In June of this year, Professor Dionysiou also received the CIPOA (Congresso Iberoamericano de Processos Oxidativos Avançados) Senior Researcher Award in the category of Distinguished Career/Excellence in Implementation and Practice in the Fields of CIPOA. The Iberoamerican research community includes the Americas, Spain and Portugal and meets biannually. Dr. Dionysiou will give the award plenary presentation at the next CIPOA conference in Florianopolis Brazil in 2024.
In addition to these two international awards, Professor Dionysiou was named as a highly cited researcher for the fifth year in a row. Each year, Clarivate identifies the world’s most influential researchers and this exclusive distinction is based on those who have been most frequently cited by their peers over the last decade. Specifically, Dr. Dionysiou was recognized for his exceptional research influence, demonstrated by highly cited papers that rank in the top 1%. Dr. Dionysiou has more than 600 papers (over 68,00 citations in other manuscripts) in his research area of drinking water quality, supply treatment and purification. This year, Clarivate recognized his outstanding contributions in three categories: engineering, environment/ecology and chemistry.
DAAP, CEAS and COM secure second round of funding to keep the firefighters safe and cool
A team from the Colleges of DAAP, CEAS and Medicine successfully completed a $1.2 million Round 1 project funded by the Ohio Bureau of Workers’ Compensation (OBWC). This summer of 2023, OBWC funded with a $1.5 million Round 2 of the same project. During this second phase, the team will commercialize the created cooled prototype of firefighters’ jackets with a carbon nanotube sheet as an inset, as well as conduct multiple live burn testing of the gear. This advanced equipment will keep firefighters cool during their mission, thus preventing the risk of overheating and heart attack. The funded project is led by DAAP, and Profs. Vesselin Shanov and Mark Schulz from CEAS are directly involved in it. Dr. Shanov`s team, which includes postdoctoral fellow Dr. Qichen Fang and graduate students Vamsi Kondapalli, is in charge of miniaturization of the cooling system, making it more efficient and easily integrated into the firefighter`s coat, along with acquisition of infrared temperature imaging from the gear during cooling. A picture of the cooling device is shown (left) along with the preparation of the cooled coat for the live burn test and entry into the fire with the cooled garment (right).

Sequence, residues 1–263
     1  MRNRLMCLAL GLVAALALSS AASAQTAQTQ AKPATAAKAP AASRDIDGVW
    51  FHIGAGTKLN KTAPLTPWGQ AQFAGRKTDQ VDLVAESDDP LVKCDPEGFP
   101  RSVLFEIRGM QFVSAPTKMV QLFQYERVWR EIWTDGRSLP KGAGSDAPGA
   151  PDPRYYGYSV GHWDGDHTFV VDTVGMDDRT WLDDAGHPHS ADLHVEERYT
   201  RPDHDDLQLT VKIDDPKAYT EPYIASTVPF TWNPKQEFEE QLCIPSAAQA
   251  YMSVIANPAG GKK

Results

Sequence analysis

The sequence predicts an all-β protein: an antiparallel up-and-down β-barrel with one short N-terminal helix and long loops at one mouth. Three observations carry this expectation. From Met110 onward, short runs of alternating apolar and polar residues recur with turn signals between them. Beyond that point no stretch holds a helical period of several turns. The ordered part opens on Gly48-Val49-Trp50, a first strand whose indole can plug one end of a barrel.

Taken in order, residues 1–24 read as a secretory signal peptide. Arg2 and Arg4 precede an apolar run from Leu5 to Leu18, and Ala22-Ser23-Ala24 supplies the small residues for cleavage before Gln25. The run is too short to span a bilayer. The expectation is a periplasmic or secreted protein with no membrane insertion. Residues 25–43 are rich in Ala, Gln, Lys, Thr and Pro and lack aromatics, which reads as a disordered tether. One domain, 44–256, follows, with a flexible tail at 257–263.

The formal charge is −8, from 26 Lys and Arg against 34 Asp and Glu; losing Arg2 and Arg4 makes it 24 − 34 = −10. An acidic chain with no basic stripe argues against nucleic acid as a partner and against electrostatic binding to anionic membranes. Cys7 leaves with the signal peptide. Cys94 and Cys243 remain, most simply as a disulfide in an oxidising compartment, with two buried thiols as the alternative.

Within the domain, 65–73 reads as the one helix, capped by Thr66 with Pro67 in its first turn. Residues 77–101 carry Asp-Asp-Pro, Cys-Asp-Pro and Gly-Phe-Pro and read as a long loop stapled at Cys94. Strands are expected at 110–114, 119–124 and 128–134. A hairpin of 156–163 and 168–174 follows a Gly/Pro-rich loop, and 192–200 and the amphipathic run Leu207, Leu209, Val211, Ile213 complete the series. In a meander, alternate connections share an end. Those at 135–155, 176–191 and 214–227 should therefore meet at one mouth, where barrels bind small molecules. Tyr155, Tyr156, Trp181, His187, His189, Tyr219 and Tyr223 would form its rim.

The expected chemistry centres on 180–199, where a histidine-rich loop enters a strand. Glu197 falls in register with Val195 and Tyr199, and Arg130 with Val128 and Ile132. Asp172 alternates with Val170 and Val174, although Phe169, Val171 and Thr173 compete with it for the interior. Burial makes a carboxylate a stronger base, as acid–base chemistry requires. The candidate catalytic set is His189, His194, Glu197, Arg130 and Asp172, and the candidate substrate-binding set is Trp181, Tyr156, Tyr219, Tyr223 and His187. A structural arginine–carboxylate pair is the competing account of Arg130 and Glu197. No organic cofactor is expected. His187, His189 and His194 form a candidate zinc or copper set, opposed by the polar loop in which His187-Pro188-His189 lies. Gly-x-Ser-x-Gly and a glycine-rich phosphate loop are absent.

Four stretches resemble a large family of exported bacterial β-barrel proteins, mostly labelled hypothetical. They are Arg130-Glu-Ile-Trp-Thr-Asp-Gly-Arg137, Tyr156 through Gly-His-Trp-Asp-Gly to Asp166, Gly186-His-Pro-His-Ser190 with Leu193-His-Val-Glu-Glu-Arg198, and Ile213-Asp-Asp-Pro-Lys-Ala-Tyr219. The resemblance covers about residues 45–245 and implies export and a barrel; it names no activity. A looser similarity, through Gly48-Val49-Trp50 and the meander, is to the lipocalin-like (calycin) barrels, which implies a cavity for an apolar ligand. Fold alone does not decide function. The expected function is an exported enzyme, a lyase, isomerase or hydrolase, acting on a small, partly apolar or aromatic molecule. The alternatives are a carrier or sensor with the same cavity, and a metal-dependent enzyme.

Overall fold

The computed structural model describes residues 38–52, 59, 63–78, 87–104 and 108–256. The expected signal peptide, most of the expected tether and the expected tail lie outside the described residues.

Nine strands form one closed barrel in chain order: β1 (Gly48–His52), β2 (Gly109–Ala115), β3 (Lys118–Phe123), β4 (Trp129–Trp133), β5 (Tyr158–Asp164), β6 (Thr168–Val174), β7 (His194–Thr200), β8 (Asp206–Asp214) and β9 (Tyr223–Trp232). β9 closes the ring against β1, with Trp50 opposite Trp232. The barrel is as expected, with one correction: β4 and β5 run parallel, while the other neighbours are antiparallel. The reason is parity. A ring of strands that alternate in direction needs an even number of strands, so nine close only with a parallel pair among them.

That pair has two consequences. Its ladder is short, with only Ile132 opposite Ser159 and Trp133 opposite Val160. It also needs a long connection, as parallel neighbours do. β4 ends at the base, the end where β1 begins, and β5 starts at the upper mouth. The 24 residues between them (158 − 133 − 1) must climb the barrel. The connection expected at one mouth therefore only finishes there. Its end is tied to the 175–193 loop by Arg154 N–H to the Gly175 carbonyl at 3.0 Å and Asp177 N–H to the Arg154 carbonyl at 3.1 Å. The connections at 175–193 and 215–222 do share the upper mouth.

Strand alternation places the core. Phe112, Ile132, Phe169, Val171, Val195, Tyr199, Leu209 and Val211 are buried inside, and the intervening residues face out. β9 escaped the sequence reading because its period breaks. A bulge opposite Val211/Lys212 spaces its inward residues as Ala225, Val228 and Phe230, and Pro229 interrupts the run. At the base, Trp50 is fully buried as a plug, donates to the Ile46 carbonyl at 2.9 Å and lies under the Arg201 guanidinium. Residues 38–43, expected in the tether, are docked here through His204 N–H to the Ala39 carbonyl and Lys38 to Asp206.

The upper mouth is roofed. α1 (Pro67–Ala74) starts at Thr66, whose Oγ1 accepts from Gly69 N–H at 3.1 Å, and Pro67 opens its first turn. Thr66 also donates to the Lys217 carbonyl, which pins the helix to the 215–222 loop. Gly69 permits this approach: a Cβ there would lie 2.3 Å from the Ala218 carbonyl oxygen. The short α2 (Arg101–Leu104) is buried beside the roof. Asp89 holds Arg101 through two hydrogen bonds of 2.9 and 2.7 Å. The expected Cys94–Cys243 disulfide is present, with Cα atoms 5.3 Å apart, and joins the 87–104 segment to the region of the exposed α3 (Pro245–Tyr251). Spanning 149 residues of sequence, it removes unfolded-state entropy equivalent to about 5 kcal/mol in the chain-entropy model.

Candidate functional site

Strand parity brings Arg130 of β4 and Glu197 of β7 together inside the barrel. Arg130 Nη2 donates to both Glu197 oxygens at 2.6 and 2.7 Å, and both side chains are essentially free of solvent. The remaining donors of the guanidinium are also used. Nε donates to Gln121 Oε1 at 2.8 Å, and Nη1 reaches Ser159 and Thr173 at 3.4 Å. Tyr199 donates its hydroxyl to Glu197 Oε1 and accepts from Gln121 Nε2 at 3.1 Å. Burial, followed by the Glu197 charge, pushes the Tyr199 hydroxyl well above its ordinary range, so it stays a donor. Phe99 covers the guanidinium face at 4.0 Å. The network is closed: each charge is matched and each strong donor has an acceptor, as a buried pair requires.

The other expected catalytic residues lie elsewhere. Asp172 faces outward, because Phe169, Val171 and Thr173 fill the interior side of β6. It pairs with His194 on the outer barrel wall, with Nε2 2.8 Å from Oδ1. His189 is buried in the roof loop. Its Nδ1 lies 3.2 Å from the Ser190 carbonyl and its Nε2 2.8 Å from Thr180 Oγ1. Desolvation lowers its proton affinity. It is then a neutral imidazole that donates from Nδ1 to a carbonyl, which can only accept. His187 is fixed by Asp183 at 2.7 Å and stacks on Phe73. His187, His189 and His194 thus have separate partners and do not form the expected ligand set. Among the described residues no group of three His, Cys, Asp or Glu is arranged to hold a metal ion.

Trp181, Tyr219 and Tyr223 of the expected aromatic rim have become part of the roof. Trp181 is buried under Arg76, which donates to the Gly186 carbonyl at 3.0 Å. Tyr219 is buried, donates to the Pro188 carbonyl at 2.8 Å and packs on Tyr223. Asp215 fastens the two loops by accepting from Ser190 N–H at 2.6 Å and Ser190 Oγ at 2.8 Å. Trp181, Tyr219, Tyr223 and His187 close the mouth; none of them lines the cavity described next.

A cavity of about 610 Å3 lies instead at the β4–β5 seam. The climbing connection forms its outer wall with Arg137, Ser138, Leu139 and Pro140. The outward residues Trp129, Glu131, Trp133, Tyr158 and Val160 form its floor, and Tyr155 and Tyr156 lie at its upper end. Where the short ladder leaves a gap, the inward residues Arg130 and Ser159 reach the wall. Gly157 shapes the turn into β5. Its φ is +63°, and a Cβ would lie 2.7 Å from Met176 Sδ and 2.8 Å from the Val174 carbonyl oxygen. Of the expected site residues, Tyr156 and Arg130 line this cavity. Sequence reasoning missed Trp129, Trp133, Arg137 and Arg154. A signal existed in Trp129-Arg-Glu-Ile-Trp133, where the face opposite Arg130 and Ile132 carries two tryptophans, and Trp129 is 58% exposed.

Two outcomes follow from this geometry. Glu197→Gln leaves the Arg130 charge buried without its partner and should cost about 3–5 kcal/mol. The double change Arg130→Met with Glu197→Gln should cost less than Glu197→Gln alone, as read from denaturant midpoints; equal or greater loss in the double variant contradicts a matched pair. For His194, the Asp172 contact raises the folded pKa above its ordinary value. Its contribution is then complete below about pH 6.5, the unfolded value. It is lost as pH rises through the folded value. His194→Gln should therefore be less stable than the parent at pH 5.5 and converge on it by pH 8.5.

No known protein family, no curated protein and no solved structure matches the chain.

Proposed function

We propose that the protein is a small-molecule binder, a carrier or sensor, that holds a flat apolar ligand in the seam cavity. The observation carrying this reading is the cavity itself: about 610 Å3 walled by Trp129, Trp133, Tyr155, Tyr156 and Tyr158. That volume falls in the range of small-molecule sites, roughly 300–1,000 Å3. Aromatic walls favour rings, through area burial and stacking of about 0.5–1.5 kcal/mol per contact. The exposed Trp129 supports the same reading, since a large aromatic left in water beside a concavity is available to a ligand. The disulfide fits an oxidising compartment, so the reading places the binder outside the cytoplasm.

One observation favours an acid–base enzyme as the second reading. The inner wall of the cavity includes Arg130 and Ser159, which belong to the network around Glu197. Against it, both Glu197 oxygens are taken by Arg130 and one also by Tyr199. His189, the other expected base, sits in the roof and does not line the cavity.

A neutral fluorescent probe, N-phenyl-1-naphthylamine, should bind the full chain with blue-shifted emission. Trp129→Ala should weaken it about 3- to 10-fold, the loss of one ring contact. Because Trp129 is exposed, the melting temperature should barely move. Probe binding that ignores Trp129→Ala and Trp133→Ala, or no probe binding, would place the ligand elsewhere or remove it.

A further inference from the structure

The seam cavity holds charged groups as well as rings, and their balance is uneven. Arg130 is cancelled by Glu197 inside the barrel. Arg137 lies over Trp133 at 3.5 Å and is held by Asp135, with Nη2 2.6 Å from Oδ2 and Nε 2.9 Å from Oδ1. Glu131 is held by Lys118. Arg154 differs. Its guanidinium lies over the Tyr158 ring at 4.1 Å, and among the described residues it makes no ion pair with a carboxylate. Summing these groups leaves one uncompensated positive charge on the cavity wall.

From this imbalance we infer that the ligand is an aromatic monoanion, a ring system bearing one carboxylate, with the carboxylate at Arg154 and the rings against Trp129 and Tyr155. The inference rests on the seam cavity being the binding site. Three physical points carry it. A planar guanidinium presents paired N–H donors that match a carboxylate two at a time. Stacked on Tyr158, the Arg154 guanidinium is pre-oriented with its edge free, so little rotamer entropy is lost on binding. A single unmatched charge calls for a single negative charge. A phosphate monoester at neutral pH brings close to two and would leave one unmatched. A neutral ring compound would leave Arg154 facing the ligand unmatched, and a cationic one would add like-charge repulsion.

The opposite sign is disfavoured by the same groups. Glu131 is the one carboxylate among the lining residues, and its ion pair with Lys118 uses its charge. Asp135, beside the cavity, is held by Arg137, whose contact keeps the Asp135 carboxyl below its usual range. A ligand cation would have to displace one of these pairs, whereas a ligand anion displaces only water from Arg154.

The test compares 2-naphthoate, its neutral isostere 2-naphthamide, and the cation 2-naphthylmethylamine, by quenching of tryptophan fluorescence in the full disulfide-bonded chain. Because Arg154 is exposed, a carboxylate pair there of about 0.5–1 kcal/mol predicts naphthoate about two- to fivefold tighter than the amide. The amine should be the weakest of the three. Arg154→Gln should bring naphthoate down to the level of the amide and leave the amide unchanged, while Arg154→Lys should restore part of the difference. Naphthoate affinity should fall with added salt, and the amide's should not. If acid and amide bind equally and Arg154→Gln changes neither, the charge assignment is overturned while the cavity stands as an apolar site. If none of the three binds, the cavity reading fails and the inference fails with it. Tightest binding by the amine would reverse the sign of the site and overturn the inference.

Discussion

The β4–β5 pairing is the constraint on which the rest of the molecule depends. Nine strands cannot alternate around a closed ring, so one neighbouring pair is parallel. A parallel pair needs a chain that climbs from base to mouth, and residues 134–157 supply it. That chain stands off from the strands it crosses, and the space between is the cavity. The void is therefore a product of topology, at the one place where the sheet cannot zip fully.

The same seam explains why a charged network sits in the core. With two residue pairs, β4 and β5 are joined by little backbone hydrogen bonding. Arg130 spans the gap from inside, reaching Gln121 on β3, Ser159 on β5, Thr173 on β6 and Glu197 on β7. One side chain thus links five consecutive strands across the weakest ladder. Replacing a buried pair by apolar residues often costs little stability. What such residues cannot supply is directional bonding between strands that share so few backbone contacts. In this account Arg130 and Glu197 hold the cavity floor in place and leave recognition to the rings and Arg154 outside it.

News outlets turn to Professor Patrick Ray regarding the recent Ohio train derailment
On Friday, Feb. 3, 2023, 38 Norfolk Southern freight train cars derailed in East Palestine, Ohio, igniting a large fire that damaged 12 other cars. Eleven of the train cars that derailed were carrying hazardous materials, including the toxic chemical vinyl chloride. Officials were concerned about the potential of the spilled toxins to spread to the Ohio River water supply and many news agencies turned to environmental engineering professor Dr. Patrick Ray for insight. Dr. Ray, whose research focuses on the Ohio, stated, “It's a big concern up near East Palestine, but the level of concern has been decreasing as it goes down the river. There is a little stream [near East Palestine], it might have been quite intense in its concentration that it could have hurt animals and plants and things in this area, but by the time it entered the Ohio River, which is huge, it's diluted a lot," Ray said. He also added that Cincinnati has two reservoirs right next to the river that crews could pull water from if needed.
Local 12: https://local12.com/news/local/local-professor-explains-concentration-of-contaminants-in-ohio-river-assistant-university-water-treatment-facility-elk-river-chemical-spill-train-precaution-billion-human-health-risks-measure-dilutes-disperses-environment-cincinnati-ohio
The ChEE External Advisory Board Met April 21, 2023
Each year, our department hosts a one-day meeting with our External Advisory Board in which the two programs present accomplishments and future vision to a group of disciplinary experts. This year, we invited the members to the Student Award Ceremony on Thursday, April 20th, and followed with a dinner at the Graduate Hotel. During the dinner, Dr. Taso Angelopoulos, the ChEE department head, gave introductions and a brief overview of the department. The next day, the meeting commenced in full swing, with various faculty presenting updates on both the undergraduate and graduate programs, as well as updates on our COOP program and ABET. Also included were specific highlights on new faculty members. The board consists of experts from all areas of government, industry and academia and at the end of the day, they delivered assessment and recommendations on undergraduate, graduate, faculty, and strategic planning issues for each program.
In Memory of Professor Sun-Tak Hwang
Professor Sun-Tak Hwang, a pioneer in the field of membrane science, passed away in March of 2022. Professor Hwang joined the ChE faculty at the University of Cincinnati in 1966 and began serving as chair of the department in 1982. He left an extensive research legacy spanning a broad spectrum that included both gas and liquid separations, membrane formation and characterization, and the application of membranes to industrial processes. His work led to 87 papers, 38 of which were research papers, review articles, and guest editorials in the Journal of Membrane Science. Noteworthy is his paper entitled, “Hollow Fiber Membrane Contactors”, coauthored with Dr. Alan Gabelman and published in 1999 in the Journal of Membrane Science. This paper has been cited 1066 times. In 1983 he received a $2 million grant from BP Ohio to establish the Center of Excellence for Membrane Technology. In 2001 he and Professors William Krantz and Jerry Lin established a site of the NSF Industry/University Cooperative Research Center for Membrane Applied Science and Technology (MAST) at the University of Cincinnati.